You are free to transfer any/all of your contributions as many times as you like within a tax year, and you can even split previous years' contributions into different providers (this year's however must be kept together until April 5th then they become previous year's along with the rest.)

    Providers, however, are not obliged to accept transfers - it is this that HSBC are alluding to? They don't accept them? Or they perhaps impose an interest penalty on withdrawals/transfers out?
    Conjugating the verb 'to be":
    -o I am humble -o You are attention seeking -o She is Nadine Dorries
  • dunstonhdunstonh Forumite
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    Paul has it spot on.

    If you saw a tied financial adviser, then he/she is only able to give advice on their product range so if it was a bank adviser then what they are saying is correct for them. If it was an IFA then you would get the right answer. This is one of the reasons the FSA has proposed that Tied advisers, like those at banks and insurance companies will no longer be able to call themselves advisers any more.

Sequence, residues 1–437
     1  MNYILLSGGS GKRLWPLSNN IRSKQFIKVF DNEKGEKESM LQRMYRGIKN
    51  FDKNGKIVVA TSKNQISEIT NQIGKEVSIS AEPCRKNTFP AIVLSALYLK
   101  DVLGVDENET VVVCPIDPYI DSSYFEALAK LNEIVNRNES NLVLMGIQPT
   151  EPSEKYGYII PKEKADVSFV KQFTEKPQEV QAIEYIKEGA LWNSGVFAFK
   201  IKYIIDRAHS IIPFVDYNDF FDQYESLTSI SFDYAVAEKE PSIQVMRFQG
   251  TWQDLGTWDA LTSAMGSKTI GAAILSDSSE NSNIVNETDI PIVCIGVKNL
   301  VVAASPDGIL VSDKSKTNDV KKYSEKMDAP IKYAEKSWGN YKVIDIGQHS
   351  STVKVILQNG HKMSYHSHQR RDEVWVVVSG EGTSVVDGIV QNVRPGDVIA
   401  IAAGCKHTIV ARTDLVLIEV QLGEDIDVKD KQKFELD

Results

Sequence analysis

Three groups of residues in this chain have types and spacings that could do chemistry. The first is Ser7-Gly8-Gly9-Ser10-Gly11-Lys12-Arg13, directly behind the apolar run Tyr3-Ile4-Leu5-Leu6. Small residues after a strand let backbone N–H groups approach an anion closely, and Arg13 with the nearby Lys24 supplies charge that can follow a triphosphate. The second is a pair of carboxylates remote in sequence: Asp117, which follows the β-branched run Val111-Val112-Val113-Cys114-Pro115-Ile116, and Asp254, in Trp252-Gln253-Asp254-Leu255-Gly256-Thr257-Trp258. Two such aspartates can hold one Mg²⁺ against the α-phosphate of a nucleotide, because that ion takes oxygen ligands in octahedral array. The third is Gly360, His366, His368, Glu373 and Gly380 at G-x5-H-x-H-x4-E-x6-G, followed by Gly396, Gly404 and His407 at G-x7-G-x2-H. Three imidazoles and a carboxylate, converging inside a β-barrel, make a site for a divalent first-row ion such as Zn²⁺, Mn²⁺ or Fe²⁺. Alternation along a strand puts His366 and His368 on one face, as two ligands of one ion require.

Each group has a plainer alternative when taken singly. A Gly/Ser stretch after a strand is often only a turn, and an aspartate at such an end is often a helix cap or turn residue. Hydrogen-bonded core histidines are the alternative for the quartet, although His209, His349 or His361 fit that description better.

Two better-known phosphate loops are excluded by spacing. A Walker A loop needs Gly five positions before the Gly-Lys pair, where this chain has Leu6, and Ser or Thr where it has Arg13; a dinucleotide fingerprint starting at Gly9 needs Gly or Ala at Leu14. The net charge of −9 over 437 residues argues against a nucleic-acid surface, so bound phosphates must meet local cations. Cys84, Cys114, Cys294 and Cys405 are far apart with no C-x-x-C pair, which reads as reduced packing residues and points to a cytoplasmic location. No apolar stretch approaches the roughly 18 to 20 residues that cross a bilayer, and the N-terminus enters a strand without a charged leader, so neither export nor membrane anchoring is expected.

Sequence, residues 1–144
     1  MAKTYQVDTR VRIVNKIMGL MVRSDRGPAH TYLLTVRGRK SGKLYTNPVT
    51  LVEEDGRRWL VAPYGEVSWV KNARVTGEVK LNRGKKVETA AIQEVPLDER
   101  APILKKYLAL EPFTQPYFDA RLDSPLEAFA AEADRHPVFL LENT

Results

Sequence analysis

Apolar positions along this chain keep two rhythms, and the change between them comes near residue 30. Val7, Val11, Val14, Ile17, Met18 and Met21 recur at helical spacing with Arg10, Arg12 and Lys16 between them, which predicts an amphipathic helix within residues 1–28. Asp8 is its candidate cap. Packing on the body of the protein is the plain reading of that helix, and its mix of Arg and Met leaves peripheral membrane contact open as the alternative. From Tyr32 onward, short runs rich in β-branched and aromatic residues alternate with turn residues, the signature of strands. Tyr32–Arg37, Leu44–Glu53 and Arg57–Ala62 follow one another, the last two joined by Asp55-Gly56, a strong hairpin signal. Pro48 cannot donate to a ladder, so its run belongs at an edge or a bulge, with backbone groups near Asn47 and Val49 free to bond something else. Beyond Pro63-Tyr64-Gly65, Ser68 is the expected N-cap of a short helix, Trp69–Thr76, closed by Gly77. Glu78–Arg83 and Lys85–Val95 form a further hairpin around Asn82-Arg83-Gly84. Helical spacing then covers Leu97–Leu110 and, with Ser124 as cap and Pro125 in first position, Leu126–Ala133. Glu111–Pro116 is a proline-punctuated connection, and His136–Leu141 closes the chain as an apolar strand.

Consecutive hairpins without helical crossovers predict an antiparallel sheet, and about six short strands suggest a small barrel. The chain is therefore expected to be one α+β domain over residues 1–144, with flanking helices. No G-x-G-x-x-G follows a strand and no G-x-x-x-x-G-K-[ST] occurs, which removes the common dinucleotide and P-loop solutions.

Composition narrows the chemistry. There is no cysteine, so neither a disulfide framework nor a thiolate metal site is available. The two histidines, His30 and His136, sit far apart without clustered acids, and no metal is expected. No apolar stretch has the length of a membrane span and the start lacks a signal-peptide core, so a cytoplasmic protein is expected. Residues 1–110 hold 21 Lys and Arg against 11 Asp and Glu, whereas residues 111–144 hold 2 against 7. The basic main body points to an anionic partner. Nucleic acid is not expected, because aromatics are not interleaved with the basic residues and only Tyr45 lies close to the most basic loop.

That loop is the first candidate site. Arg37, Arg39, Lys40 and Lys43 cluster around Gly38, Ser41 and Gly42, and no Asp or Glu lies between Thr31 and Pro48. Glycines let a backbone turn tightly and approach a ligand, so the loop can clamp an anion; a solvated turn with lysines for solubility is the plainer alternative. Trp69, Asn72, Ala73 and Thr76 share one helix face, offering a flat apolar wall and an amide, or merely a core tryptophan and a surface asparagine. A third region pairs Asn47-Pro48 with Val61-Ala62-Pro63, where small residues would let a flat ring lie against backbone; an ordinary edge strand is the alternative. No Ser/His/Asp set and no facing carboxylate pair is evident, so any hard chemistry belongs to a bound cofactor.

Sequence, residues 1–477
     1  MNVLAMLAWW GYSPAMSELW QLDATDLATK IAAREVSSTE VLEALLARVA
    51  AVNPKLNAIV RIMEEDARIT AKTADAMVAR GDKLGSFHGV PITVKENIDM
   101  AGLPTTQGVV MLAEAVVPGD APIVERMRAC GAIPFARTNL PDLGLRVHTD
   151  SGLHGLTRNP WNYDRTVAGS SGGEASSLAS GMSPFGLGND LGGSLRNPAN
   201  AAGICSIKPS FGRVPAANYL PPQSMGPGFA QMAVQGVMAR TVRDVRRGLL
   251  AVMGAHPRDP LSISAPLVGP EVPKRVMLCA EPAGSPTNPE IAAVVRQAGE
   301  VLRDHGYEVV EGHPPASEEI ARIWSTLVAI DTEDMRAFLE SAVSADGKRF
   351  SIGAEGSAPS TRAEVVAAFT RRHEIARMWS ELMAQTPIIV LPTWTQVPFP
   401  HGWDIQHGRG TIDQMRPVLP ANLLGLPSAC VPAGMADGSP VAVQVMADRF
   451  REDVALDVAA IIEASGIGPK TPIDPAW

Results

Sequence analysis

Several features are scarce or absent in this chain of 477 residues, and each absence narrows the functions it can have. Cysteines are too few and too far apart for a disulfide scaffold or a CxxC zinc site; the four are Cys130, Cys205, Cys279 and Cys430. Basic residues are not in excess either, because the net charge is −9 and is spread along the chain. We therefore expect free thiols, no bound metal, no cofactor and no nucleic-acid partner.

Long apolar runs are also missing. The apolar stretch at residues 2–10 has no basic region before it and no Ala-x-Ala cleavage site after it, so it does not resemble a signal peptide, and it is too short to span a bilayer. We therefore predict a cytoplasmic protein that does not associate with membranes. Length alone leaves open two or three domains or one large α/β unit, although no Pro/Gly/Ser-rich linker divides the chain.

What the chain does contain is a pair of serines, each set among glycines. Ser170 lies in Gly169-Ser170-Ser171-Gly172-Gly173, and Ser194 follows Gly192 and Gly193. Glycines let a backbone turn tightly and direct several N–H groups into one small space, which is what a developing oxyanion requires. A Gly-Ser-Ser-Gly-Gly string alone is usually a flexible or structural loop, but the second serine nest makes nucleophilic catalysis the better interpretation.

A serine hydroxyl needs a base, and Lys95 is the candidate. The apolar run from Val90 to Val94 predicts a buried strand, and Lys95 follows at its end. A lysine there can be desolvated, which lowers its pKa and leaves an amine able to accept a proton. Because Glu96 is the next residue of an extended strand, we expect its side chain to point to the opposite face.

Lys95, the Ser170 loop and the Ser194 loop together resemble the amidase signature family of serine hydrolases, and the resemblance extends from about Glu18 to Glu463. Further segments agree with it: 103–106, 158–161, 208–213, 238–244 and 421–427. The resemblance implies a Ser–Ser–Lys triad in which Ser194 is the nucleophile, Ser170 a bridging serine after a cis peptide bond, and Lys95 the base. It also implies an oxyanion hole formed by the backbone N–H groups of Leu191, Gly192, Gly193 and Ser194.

Any adviser should know the ISA rules inside out. Out of all the investment products out there, advisers do more ISAs than anything else as its the first choice product for investing 95% of the time.
    I am an Independent Financial Adviser (IFA). The comments I make are just my opinion and are for discussion purposes only. They are not financial advice and you should not treat them as such. If you feel an area discussed may be relevant to you, then please seek advice from an Independent Financial Adviser local to you.